Innovation Management

Second edition

by Keith Goffin and Rick Mitchell

Chapter 5


Management recommendations

  • Foster an understanding of the different types of creativity in your organization and use this to stimulate a constant flow of ideas.
  • Encourage staff to recognize the importance of actively collecting ideas from outside sources.
  • Take active steps to establish and maintain a ‘culture of innovation’ that supports idea generation.
  • Promote the exchange of knowledge within and between innovation project teams. Recognize and protect knowledge that is vital to the organization.
  • Employ an appropriate combination of market research techniques to identify your customers’ hidden needs.
  • Identify suitable ways to protect innovative ideas from competitors.

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Chapter summary

This chapter covered the second element of the Pentathlon – managing ideas. It explained how creativity is often misunderstood and managers need to look for effective ways to stimulate constant creativity through the exchange of information and knowledge. One of the key areas of knowledge is capturing the elusive voice of the customer. Here, traditional market research has serious limitations and, therefore, companies need to understand and adopt appropriate enhanced approaches. Overall, this chapter explained

  • The nature of individual and team creativity with ideas on how to stimulate creativity levels.
  • Some of the most useful techniques to invigorate the process of generating ideas for new products and new services.
  • The main types of knowledge and how they can be best utilized and, as necessary, protected.
  • The most appropriate ways to conduct market research into customers’ and users’ needs, so that radical innovations can be developed.
  • If the strategic goals of the organization focus on achieving product and technology breakthroughs, then creative links need to be made between the strategy and the generation of ideas. This is the subject of the main case study for this chapter, which looks at Texas Instruments.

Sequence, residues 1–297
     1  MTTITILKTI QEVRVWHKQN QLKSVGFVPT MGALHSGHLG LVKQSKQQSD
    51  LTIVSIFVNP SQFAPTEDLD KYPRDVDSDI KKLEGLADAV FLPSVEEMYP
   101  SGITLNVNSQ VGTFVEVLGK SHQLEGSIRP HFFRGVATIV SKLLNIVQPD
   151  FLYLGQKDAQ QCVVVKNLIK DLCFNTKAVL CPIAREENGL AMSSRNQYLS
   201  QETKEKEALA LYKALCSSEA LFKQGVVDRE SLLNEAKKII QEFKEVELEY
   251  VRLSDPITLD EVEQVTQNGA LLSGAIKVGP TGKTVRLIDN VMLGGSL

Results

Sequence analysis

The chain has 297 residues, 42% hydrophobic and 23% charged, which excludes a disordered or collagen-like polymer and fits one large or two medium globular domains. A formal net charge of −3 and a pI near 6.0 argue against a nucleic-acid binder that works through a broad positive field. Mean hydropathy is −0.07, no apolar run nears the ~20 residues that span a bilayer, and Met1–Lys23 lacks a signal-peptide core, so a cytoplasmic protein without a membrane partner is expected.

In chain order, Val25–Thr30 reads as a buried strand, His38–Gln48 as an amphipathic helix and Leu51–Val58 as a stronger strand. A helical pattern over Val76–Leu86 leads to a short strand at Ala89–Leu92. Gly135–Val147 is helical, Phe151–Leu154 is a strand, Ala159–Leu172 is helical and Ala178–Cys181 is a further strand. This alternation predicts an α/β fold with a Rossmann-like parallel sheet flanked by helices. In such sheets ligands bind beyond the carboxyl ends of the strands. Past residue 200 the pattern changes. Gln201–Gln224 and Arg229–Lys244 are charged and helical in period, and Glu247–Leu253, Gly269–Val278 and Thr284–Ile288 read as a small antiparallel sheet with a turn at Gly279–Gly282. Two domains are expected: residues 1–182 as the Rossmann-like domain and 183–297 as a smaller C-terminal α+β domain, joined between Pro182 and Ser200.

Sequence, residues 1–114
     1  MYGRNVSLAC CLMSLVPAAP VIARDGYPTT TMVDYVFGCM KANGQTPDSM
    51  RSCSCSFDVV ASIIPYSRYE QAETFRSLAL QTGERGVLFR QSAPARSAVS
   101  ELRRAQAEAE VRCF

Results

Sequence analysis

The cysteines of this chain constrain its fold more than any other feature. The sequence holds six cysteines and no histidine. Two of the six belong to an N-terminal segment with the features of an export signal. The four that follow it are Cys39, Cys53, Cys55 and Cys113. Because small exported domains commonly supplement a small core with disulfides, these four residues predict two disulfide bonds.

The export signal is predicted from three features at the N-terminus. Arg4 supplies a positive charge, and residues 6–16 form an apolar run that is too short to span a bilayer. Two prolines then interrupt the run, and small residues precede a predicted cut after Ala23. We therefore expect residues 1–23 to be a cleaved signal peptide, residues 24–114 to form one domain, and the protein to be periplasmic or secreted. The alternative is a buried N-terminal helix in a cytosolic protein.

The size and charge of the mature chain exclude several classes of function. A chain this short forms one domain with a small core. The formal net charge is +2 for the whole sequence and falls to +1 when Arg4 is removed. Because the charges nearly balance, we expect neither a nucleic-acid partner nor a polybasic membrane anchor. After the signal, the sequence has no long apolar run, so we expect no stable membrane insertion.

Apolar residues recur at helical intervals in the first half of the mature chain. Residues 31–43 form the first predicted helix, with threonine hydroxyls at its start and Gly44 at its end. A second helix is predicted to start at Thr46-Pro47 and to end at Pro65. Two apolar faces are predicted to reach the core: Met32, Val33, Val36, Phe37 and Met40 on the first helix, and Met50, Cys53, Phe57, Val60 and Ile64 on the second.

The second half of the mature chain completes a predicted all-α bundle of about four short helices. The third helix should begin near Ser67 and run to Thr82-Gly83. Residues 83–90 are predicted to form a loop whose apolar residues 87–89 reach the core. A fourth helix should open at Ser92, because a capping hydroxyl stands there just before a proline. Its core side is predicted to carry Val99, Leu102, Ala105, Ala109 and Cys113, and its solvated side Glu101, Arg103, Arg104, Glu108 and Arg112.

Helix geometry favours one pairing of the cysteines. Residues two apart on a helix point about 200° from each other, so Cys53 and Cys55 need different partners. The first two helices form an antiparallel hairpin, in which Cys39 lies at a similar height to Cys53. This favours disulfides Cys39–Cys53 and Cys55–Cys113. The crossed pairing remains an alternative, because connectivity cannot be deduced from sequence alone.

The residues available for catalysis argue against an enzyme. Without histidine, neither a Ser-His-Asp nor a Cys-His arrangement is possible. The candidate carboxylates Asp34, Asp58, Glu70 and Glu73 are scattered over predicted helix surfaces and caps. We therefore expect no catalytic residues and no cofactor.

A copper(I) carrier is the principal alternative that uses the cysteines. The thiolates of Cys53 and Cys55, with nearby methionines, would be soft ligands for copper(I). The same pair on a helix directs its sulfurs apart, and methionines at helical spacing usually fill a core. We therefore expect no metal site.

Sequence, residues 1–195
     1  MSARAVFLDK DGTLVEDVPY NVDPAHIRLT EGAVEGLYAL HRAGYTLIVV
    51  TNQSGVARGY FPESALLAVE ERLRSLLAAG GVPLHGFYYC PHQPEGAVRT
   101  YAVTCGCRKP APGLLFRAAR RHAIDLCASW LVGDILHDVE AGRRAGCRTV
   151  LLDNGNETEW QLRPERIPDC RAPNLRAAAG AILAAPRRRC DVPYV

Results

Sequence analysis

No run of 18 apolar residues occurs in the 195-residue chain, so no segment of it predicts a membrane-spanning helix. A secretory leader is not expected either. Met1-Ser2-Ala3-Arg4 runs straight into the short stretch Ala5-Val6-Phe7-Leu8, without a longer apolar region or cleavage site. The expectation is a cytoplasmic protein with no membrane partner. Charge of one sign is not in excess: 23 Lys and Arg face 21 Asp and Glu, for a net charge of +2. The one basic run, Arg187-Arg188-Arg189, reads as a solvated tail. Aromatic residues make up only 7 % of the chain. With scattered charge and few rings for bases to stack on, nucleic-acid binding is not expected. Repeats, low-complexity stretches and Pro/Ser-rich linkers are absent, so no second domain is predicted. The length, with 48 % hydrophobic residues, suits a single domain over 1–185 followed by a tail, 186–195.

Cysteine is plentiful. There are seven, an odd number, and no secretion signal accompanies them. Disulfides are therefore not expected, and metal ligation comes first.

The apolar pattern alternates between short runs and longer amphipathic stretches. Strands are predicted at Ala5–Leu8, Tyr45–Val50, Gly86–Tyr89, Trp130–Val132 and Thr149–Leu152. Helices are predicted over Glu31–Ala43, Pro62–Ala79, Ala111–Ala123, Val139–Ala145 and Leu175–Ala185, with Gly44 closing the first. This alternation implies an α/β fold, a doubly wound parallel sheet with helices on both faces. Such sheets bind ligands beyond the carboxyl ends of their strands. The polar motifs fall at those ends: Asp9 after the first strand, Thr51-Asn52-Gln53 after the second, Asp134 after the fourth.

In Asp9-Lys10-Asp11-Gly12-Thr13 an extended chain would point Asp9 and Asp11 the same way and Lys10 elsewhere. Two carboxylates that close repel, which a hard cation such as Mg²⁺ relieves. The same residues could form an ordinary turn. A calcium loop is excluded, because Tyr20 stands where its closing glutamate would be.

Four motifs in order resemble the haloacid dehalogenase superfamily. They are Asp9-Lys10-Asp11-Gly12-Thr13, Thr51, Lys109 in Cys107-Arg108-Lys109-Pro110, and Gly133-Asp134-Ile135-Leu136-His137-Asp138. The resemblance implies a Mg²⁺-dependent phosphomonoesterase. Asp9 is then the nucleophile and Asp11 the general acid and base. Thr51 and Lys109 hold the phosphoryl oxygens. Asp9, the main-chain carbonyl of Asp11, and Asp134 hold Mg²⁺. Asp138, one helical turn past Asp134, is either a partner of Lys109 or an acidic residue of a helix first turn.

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Recommended reading

1. Squires, S. and Byrne, B. (eds) Creating Breakthrough Ideas: The Collaboration of Anthropologists and Designers in the Product Development Industry (Bergin and Garvey: Westport, CT, USA, 2002). [Interesting perspectives on how product design studies can be improved through ethnographic methods.]

2. Couger, J. D. Creative Problem Solving and Opportunity Finding (Danvers, MA: Boyd and Fraser, 1995). [Comprehensive coverage of many creativity techniques and their applications. Unfortunately, gives little information on empirical research into creativity.]

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Learning objectives

  1. To cover the fundamentals of creativity theory and knowledge management.
  2. To explain the concept of hidden needs and describe the leading-edge approaches for understanding customer requirements.
  3. To understand the best ways to protect innovative ideas.

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Multimedia material

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